Chapter four, “D” of Paul Valéry’s Alphabet corresponds to the fourth hour of our narrator’s day: his bath. In the previous Chapters 1-3, “A, B, C”, or the first three hours of his day, our narrator has left his dreams, awoken from his sleep, become aware of his mind and body, meditation before thought, and has reconnected to his world. In “C”, Comme le temps est calme, we became aware through his thought processes of the “repeating systems” that are vital to life: breathing, heart beating, blood circulating—all which continue to perform their function during sleep. The body requires rest through sleep, as well as our mind, our soul, our cells.

And now the rejuvenation of a morning bath. This ritual has become a thing of the past, unfortunately. In our hurried lives and routines, it is faster (and probably healthier) to hop in and out of a shower. But what are we missing in our haste? Our narrator reminds us of this.

Dans le pur et brilliant sarcphage, douce est l’eau qui repose, tiede et parfait epouse de la forme du corps”(Alphabet, 55).

In the pure and brilliant sarcophagus, sweet is the water that rests, warm and perfectly married to the shape of the body. In the nude, free and light, it settles down and calms down. His height and stature change; he can stretch until he reaches his elasticity, feeling his full power. The weight of the blissful bathed flesh is almost imperceptible; the heat of his blood being a little different from that of the water, very near, his blood expands under his skin. The living body is barely distinguishable from the formless body whose substance replaces it with each movement.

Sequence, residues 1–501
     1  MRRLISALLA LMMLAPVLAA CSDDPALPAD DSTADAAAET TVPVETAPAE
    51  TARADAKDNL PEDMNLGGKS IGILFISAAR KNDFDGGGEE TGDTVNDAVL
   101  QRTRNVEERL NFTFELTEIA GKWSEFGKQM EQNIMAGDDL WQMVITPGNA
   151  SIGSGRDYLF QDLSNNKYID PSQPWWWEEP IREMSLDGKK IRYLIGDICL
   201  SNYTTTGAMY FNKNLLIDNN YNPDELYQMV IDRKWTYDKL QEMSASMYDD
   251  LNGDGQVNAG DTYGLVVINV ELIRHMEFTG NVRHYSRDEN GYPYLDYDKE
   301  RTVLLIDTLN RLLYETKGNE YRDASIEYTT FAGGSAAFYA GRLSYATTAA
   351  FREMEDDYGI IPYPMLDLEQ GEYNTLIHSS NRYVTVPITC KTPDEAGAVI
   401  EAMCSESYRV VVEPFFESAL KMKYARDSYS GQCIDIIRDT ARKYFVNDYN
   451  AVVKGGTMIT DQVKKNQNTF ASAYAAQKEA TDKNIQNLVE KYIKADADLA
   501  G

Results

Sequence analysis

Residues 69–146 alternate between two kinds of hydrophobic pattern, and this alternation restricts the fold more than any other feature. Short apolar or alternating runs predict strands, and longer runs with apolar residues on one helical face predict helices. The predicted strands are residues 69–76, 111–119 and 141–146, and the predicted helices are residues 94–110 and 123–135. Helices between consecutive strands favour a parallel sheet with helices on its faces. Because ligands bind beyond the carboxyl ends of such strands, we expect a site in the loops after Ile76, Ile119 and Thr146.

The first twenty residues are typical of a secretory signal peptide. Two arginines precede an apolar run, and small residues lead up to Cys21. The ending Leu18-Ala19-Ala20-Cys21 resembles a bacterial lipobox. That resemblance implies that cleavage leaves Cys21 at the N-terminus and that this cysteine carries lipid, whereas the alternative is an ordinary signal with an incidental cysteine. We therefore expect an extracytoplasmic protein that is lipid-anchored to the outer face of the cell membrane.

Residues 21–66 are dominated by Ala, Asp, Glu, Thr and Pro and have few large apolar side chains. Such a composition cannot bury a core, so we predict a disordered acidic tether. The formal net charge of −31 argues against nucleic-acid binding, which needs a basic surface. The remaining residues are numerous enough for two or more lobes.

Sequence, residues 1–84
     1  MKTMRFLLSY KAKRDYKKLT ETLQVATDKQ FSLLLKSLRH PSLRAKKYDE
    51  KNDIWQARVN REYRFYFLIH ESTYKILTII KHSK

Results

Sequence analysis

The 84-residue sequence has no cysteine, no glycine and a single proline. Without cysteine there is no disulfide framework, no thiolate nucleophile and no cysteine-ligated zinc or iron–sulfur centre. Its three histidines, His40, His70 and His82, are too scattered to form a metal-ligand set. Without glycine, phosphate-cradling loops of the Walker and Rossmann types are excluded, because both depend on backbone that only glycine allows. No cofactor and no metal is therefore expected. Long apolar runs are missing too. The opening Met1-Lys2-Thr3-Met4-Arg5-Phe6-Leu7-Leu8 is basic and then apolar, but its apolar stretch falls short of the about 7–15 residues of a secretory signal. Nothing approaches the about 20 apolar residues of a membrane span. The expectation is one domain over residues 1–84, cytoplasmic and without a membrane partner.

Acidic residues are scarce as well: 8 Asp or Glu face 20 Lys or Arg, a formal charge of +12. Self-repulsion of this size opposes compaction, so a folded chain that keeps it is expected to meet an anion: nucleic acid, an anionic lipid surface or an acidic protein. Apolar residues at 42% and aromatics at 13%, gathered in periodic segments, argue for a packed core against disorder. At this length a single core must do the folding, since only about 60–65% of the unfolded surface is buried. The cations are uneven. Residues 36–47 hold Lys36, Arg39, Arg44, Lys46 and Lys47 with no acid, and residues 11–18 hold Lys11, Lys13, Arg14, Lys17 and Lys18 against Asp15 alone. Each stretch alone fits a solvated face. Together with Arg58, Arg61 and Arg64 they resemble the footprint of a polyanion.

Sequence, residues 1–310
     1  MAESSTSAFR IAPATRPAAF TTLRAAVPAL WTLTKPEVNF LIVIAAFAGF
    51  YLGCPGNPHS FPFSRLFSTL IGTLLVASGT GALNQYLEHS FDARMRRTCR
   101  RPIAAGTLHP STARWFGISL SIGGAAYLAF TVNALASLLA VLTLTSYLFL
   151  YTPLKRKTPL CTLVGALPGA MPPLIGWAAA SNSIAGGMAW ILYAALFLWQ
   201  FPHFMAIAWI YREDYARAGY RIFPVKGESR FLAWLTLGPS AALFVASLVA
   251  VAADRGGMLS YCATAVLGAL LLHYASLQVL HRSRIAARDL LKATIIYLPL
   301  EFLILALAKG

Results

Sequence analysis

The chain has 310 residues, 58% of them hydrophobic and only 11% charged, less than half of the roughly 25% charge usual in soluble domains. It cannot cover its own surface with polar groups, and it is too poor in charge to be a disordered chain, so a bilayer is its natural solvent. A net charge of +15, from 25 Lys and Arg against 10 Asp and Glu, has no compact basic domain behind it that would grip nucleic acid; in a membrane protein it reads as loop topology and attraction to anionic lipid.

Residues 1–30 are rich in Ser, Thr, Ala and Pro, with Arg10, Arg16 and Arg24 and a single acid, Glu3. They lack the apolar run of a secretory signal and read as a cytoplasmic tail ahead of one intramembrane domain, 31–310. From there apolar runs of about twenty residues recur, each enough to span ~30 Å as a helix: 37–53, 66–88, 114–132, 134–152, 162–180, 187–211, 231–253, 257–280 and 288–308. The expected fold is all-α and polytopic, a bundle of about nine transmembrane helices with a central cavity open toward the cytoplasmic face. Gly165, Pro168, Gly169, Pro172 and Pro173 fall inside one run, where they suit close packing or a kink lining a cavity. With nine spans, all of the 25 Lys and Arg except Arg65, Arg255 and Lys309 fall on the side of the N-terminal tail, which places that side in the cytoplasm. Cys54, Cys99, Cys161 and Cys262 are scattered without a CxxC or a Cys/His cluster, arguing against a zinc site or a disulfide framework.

Oh, the healing, relaxing properties of water. To be immersed in water, once again, baptized, cleansed. Stripped down to the essentials in which we came into the world.  The weightlessness of being buoyant. All of the pressures of our world lifted, if for just a moment. Our narrator releases his will into the freedom of l’aise de l’onde, the ease of the waves of le bain. The weight of the world is eased. The whole body now is more than a pleasant dream vaguely made by thought.

His body descending into the transparency, like an oceanic island that emerges and plunges at whim from the bottom of the sea. The eyes are lost or closed. L’esprit s’ouvre les veines un rêve.

Work Cited

Valéry, Paul. Alphabet. Paris: Librairie Générale Française. 1925